After one of the biggest beef recalls in history, a Petaluma meat processor is getting bought out. Earlier this month, the USDA recalled nearly 9 million pounds of beef from Rancho Feeding Corporation. More than 1,600 food distributors in the U.S. and Canada are asking consumers to return products from beef jerky to Hot Pockets. There wasn't a lot of explanation as to why, other than to say diseased cows were processed without the requisite federal supervision. But the recall and the slaughterhouse's closure put Northern California ranchers and dairy farmers in a bind. We talk with KQED reporter Mina Kim who has been following the story.
RACHAEL MYROW: So, tell us about this recall.
MINA KIM: So, Rancho processes both older dairy cows and these higher-end meats, sort of these pasture -raised beef cattle. And initially, back in January, 40,000 pounds of beef was affected. So we’re talking about a handful of stores. Then, two weeks ago, this recall expands to 9 million -- nearly 9 million -- pounds of beef processed over the course of an entire year. And so, as you can imagine, the number of stores affected has grown exponentially. We’re talking now about more than 1,500 distributors, both in the U.S. and in Canada. Nestle Hot Pockets were made with some meat that was processed at Rancho. And as a result, stores like Wal-Mart are having to pull Hot Pockets from their shelves as well as things like beef jerky, hamburger patties and taquitos.
MYROW: Now we should point out that there are no reported illnesses linked to Rancho’s meat, but the USDA is conducting two investigations, including one by its Office of Inspector General, and that’s not something that happens a lot in the meat industry.
KIM: Right, you’ve got two offices in the USDA: You’ve got Food Safety and Inspection Service and the Office of Inspector General conducting separate investigations of Rancho. And what that suggests is that the problems are very serious, and potentially that there was some illegal activity going on. Here’s how Tony Corbo -- he is with the consumer advocacy group Food & Water Watch, based in D.C. -- here’s how he puts it:
CORBO: Either there was not proper inspection being done, or the inspectors there were trying to do their jobs and were impeded in one way or another by their supervisors within the USDA or by the plant itself.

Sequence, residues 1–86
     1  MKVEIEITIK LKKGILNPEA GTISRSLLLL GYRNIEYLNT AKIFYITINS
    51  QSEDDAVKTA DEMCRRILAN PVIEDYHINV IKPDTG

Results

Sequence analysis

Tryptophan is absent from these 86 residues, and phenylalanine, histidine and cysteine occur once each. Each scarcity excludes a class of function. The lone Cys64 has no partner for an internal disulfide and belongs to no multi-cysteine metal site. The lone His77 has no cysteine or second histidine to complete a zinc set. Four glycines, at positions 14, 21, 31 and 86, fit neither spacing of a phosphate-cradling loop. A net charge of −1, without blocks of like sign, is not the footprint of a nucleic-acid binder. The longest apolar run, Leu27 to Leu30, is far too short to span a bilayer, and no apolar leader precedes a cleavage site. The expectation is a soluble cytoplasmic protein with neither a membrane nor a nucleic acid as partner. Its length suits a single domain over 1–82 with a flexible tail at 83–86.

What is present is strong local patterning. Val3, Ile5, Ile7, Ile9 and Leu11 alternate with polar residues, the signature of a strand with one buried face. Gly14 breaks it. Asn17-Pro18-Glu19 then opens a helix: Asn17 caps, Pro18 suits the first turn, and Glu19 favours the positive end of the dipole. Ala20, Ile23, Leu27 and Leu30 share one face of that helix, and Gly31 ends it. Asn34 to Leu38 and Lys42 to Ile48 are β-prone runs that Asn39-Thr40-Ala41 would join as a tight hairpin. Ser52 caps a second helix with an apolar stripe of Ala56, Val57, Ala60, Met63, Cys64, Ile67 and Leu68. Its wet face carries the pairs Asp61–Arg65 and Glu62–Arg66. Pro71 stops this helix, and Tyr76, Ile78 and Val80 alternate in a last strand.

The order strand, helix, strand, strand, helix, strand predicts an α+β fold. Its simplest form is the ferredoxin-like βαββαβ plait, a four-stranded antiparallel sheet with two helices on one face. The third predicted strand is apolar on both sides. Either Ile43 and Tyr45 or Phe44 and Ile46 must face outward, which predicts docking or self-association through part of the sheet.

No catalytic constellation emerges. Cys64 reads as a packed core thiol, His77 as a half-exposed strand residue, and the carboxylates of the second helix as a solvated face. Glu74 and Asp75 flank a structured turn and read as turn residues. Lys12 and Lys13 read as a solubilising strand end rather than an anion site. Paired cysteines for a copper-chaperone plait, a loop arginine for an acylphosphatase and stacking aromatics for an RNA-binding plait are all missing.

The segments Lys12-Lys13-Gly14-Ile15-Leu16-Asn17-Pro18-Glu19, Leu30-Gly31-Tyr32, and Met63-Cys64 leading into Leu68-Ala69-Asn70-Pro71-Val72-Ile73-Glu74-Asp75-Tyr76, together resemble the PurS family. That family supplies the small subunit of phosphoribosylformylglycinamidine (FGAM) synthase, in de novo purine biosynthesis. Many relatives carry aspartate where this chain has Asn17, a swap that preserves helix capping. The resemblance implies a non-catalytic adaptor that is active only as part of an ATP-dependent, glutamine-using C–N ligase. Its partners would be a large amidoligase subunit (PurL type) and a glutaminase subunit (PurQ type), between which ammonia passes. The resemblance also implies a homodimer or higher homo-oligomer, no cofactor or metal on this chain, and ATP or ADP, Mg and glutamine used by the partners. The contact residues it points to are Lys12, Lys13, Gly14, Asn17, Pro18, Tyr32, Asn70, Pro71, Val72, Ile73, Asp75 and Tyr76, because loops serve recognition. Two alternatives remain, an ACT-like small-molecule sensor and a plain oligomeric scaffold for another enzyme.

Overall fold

KIM: Now, we did get a statement from Food Safety and Inspection Service saying that the company circumvented inspections in some way, but they’re not saying much more than that. So, there are a lot of questions still swirling around this whole recall, because by law USDA inspectors are supposed to be there whenever meat is processed. So the question is: How could for a whole year potentially diseased animals be processed at this plant?
MYROW: So now new news: a well-regarded local purveyor, Marin Sun Farms, has stepped up and said they’ll buy the processing plant. Why in the world would they want to take over a plant with this kind of trouble?
KIM: Since this is the only plant in the North Bay, right now because it is closed under these investigations with the USDA, farmers and ranchers are driving hours. They’re driving to Eureka or Los Banos to get their meat processed, and it’s had a real impact not just on their bottom lines, but also on their whole philosophy of what they want to do in terms of locally raised food. Tara Smith is with Tara Firma Farms in Petaluma and she’s one of the ranchers that’s affected by this. So, as you can imagine, she’s very happy about Marin Sun Farms applying to buy this place.
SMITH: We’re all about local, and going 2½ to five or six hours away defeats a big chunk of the purpose, and so it’s just quite a relief. I just hope it takes fewer months than what it could possibly take to have that up and running.
MYROW: So the latest development, the purchase, has got to be a big relief to dairy farmers and ranchers, but Rancho Feeding Corp. isn’t out of hot water yet?
KIM: No, a USDA spokesman told us that the investigations will continue even after the sale is complete. In the meantime some ranchers, especially the higher-end meat producers, are trying to get their meat released from this recall. I spoke with renowned rancher Bill Niman, who could potentially take a $300,00 to $400,000 hit from this recall because he has about 100,000 pounds of meat in cold storage that was processed at some point in this facility in 2013. And so, there are still a lot of ways that farmers and ranchers are affected by this, even with this sale.
MYROW: KQED’s Mina Kim, thank you for talking with us.
KIM: You’re welcome Rachael.